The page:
Photo above: Del. David Moon, far right but only in this photo, talks to crowd at his fundraiser.
By Len Lazarick
The Bump ‘n Grind is not a strip club in Baltimore, but a coffee bar in the new urbanized core of Silver Spring, a short walk to the D.C. line. Wednesday evening, it was briefly the center of progressives in the Maryland legislature, as Del. David Moon, about as left as they get in Annapolis, held a low-key fundraiser, heavy on the policy wonk from his fellow legislators.
The progressive tinge didn’t prevent warm words and a fat check from Joe Vallario — the chair for the past 22 years of the House Judiciary Committee on which Moon serves and a 78–year-old throwback to the days when conservative Democrats ruled the legislature.
Vallario survived a shuffle across East West Highway and while he wasn’t part of the official program, he insisted on having the last word.
Moon “really enjoys his work,” and would be happy if the Maryland General Assembly met year-round, said Vallario. “We’re really happy to get him” on the committee.
Ally Jamie Raskin
Senator Jamie Raskin, who represents the same Takoma Park-Silver Spring district 20 as Moon and is running for Congress, called Moon “a man of thought and a man of action.”
A prime example was the letter the two put together earlier this week asking the state to remove the Confederate battle flag from some Maryland vanity license plates. The letter has already gained the signature of 40 legislators.
Moon ran Raskin’s successful 2006 campaign, defeating five-term incumbent and Senate President Pro-Tem Ida Ruben in the Democratic primary.
Del. Curt Anderson from Baltimore came to ally himself with Moon, who has supported many of the measures to reform the criminal justice system and decriminalize drug laws that have led to mass incarceration.
“The state cannot be all that it can be without Baltimore, and Baltimore needs the rest of the state,” Anderson said.
Del. Jill Carter, another Judiciary Committee Member from Baltimore who has long sponsored policing and prison reform legislation, also finds an ally in Moon.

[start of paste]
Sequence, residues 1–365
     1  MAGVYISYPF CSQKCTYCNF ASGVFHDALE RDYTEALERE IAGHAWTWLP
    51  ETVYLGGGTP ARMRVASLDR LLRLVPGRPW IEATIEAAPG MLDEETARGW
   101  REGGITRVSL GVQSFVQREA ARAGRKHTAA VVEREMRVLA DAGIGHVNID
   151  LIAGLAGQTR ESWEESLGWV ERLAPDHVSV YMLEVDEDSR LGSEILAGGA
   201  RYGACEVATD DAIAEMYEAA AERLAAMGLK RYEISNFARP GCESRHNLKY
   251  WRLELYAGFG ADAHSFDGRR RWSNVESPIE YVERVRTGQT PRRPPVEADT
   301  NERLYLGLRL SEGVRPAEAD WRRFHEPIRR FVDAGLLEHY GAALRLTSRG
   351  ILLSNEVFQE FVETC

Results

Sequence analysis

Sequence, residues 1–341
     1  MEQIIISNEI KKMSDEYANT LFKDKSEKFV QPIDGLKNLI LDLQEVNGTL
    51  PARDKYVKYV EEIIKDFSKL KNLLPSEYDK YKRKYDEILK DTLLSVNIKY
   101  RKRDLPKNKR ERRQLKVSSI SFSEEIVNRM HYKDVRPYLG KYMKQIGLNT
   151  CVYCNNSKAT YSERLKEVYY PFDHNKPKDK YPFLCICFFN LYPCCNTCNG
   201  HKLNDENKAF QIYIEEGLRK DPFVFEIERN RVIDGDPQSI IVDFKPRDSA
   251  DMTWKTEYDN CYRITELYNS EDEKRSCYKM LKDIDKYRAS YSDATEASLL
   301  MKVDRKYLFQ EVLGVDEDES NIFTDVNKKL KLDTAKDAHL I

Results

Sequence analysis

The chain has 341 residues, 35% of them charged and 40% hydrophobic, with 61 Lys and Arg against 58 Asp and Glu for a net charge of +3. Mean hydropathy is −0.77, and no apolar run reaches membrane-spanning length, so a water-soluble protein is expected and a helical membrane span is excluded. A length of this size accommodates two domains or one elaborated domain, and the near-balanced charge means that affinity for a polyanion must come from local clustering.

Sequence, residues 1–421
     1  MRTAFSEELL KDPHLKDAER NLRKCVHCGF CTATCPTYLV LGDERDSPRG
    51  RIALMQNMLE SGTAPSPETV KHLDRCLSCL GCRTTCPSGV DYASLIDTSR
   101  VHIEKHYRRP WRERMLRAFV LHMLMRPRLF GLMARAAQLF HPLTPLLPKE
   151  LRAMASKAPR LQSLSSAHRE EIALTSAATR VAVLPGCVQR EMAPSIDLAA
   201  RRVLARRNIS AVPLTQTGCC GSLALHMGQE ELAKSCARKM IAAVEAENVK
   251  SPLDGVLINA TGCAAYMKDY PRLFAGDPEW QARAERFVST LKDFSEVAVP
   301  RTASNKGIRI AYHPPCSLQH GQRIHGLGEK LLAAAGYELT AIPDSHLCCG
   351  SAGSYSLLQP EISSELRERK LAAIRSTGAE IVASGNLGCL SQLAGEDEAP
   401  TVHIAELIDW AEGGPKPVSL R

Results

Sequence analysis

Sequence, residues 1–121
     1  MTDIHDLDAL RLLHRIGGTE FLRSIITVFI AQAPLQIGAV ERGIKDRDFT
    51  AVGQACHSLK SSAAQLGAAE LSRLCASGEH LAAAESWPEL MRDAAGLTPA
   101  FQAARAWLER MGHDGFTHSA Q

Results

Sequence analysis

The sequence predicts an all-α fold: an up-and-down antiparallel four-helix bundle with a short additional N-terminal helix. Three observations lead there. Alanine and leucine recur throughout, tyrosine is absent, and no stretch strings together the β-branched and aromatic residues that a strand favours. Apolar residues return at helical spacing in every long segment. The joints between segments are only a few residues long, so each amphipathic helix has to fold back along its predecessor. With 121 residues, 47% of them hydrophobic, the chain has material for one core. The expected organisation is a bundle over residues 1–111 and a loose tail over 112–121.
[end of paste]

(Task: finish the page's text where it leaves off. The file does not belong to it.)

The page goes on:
Perhaps this next session, “we will finally get it together when it comes to justice,” Carter said. “The fight continues and I will continue to fight.”
The shared support for Moon didn’t prevent Carter and Anderson from having an intense conversation about the new legislative work group on public safety formed after the Baltimore riots. Anderson co-chairs the committee and Carter feels she was snubbed by leaving her off a committee that will look at legislative remedies she has proposed for years.
Purple Line decision
The possibility of a decision on the Purple Line by Gov. Larry Hogan at a Thursday afternoon press conference on transportation was also on people’s minds.
The conventional speculation, epitomized by a well-researched analysis by Bob McCartney in the Washington Post 10 days ago, is that Hogan will find a way to approve the project by cutting costs and asking for additional contributions from Montgomery and Prince George’s counties for the Bethesda to New Carrollton light-rail line.
The finances can actually work, said Ben Ross, the former longtime president of the Action Committee for Transit who attended the Moon fundraiser.
Ross said with the right combination of increased contributions from the affected counties and financing by a private-public partnership that will actually build the project, the state might have to come up with little or no money during the first six years of the construction phase.
This would, of course, mean the state’s Transportation Trust Fund could be used for other pressing projects such as highways during Hogan’s tenure.
We’ll find out Thursday what Hogan decides, despite his stated displeasure of the cost of the projects.